Narcolepsy And Alcoholism

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Hi..my name is Paul and I've recently come across this site and reading all I can.

Here's a question I've been wanting to find opinions on and any information so I'll try to make this quick and easy...

I thought I read but may have dreamed this up, that there maybe a link between alcoholism enhancing N in the genes? ie. if a parent; more often the father, is an alcoholic and has the narcolepsy gene and is passed on to a child, the chances are higher that the N gene will be more enhanced and N be more apparent.

Again, nothing to back this up but told my neurologist about this and he's never heard of this theory...but again, maybe I dreamed it. ;)

Here's my family situation.

I was diagnosed with N when I was around 12...so around 1982-83 after the typical symptoms that we've all had.

My father is an alcoholic; sober 35+ years however and was diagnosed with N many, many years later but a very "light" version; that is if there is one so no meds or anything needed.

My cousin on my Mothers side was diagnosed with N about 6 years after me.

Her Dad was an alcoholic...sober now too but no known N in his family.

We've suspected that my nephew (sisters son) has N but has never been tested.

His Dad was also an alcoholic...sober now for 20+ years.

So other than my family having obvious alcohol issues ;) ... anyone else have similar familiarities within their families or heard of such a relation?



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Narcolepsy and Alcoholism are both glucose metabolism disorders.

And alcohol metabolism is highly dependent on orexin.

Annotated research here: http://www.zombieinstitute.net/Metabolic.htm

and this might sound familiar: http://www.zombieinstitute.net/Serenity.htm

Keep up the good fight.


ps. was that a sleep specialist who told you that?

Xyrem is the drug they use for advanced alcoholics with insomnia.

And orexin drugs are being tested on alcoholics.

He should know that.

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It wasn't a sleep specialist that told me this...as mentioned, I have nothing to back it up and can't for the life of me remember or recall where / when / how I heard this.



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Hi Paul!

Have you found any new info about this? I theorized the same thing after being diagnosed, or maybe I read it somewhere, who knows.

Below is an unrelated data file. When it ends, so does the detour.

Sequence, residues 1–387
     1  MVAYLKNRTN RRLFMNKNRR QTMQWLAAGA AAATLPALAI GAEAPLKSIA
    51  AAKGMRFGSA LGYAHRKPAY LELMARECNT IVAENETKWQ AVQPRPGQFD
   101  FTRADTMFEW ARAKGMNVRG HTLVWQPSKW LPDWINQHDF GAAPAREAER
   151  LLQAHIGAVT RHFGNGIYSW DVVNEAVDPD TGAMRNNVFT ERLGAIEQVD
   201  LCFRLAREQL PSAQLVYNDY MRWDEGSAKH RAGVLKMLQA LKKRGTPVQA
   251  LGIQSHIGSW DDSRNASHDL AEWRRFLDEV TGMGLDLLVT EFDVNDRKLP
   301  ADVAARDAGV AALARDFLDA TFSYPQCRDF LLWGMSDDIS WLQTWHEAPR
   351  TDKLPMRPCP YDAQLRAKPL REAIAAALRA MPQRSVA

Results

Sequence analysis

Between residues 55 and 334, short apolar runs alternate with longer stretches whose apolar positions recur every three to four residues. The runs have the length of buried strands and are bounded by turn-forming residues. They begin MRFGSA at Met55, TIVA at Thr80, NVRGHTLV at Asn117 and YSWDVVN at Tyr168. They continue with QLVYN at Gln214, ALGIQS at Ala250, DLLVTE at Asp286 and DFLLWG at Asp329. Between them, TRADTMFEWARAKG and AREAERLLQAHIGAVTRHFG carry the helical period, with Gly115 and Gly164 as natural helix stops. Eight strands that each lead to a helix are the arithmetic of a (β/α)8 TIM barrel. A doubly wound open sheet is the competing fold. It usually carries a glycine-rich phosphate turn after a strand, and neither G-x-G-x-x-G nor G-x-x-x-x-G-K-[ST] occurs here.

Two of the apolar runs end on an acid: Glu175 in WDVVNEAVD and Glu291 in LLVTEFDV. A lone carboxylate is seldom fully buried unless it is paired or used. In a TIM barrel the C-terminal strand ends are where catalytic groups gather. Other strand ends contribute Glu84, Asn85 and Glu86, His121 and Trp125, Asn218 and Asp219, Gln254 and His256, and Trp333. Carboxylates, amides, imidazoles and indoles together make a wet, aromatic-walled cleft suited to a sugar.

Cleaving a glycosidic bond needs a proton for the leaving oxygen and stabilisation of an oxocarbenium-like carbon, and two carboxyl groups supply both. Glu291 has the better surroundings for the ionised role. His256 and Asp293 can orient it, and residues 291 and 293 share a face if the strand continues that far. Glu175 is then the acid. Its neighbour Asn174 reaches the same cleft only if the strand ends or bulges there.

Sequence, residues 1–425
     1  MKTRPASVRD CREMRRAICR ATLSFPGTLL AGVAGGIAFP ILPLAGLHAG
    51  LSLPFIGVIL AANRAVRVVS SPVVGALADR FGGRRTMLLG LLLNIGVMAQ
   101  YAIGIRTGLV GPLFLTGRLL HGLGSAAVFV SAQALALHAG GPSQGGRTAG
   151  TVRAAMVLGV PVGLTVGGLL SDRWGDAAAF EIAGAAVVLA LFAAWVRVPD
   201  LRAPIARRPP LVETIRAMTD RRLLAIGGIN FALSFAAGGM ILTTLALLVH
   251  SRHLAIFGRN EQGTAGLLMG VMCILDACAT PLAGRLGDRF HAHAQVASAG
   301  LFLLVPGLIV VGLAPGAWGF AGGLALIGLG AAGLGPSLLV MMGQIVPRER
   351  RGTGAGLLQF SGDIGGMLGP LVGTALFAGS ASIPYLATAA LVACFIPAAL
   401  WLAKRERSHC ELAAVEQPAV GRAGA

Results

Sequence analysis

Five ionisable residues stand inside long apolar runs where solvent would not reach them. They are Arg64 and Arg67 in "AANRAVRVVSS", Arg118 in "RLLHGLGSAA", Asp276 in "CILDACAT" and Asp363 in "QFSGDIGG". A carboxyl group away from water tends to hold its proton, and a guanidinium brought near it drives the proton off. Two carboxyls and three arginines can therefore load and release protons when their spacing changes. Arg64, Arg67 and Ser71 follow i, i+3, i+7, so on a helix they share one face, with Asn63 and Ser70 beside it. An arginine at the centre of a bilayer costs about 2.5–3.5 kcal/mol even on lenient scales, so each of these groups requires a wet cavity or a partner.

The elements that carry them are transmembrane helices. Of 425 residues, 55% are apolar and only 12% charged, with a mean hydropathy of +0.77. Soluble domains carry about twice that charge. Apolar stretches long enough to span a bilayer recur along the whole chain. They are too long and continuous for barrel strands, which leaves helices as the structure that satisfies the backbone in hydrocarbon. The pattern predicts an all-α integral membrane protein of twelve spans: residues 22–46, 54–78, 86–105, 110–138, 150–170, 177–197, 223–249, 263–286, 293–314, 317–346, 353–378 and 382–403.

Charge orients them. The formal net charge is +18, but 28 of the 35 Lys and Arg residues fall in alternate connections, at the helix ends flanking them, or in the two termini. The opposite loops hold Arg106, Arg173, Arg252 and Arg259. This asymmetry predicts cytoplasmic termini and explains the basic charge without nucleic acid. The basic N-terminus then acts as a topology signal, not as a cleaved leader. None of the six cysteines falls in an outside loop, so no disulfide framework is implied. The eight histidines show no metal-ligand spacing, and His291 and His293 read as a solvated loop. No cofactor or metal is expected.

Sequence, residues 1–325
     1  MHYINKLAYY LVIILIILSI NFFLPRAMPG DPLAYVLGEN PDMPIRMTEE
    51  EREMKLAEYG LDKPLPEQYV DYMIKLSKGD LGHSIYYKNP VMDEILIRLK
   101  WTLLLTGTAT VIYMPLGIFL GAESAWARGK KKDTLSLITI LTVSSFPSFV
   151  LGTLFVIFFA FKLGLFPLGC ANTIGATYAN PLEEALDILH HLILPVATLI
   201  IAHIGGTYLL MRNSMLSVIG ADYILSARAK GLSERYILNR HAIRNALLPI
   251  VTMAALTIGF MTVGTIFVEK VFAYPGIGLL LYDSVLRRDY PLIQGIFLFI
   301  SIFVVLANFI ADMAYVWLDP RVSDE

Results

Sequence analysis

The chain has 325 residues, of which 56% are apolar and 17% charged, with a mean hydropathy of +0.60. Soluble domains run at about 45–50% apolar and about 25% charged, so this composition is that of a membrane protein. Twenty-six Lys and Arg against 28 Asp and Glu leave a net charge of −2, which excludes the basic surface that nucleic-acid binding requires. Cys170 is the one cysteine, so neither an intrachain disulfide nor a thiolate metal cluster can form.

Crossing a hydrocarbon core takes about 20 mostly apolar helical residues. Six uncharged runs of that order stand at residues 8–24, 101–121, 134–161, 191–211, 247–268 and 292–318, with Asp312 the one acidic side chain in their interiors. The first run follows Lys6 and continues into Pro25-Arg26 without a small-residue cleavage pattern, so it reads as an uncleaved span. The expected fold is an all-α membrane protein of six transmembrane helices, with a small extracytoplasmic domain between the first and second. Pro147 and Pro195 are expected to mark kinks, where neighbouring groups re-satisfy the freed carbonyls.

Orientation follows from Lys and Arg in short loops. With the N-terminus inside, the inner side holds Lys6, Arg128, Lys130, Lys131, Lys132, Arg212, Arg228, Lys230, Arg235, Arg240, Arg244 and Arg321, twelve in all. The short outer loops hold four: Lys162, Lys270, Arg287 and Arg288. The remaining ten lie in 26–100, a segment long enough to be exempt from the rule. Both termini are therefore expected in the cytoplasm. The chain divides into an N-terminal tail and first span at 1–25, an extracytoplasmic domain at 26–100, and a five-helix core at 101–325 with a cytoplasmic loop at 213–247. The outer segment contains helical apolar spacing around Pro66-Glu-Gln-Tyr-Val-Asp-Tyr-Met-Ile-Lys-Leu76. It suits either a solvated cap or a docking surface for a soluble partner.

Both my parent's have struggled with alcoholism, as well as other members of my family. Before I was diagnosed, I thought I was an predisposed to alcoholism because I felt I could function better after having a small amount of alcohol. Looking back, I believe I enjoyed the feeling because it made me feel awake and I didn't experience cataplectic episodes while drinking (although I did lose all memory i.e "black out" very quickly, after having a very small amount of alcohol, like half a beer). I quit drinking not long after my diagnosis, partially because alcohol negatively interacts with most medications, and because I realized it wasn't the only thing that could keep me awake and "functioning." Also remembering things can be helpful, I just thought everyone completely lost their memory when they drank ¯\_(ツ)_/¯


This article hints at a man causing himself to develop N through alcoholism, which I suppose could happen because it is brain damage; however, I wonder if people with N are more likely to develop alcoholism as a way of "self-medicating?" 

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Both of my parents are serious alcoholics, but my father and I have some eerie similarities in regards to sleep issues. He describes dreaming immediately upon falling asleep, and being able to fall asleep just about anywhere as well. 

He probably has N, but is far too stubborn to ever get tested even if I suggested it to him.


I developed N w/ C as early as 12, possibly younger (C was mild until my 20's when I started getting full body/drop episodes).

I wasn't diagnosed until age 23. I basically sleep walked through school, teaching myself the material at night when I was home in my bedroom alone.


I can absolutely see a potential relationship between paternal alcohol abuse and early-onset narcolepsy in children, based on my personal experience and what you're describing.

My dad functions a lot better while drinking lightly, just as I do (aside from the memory lapses). Stimulants and lifestyle changes work better, but if I didn't know any better, I would probably use alcohol to manage symptoms at night.


If he has N, it would be a light case (and no cataplexy). I have a severe case.

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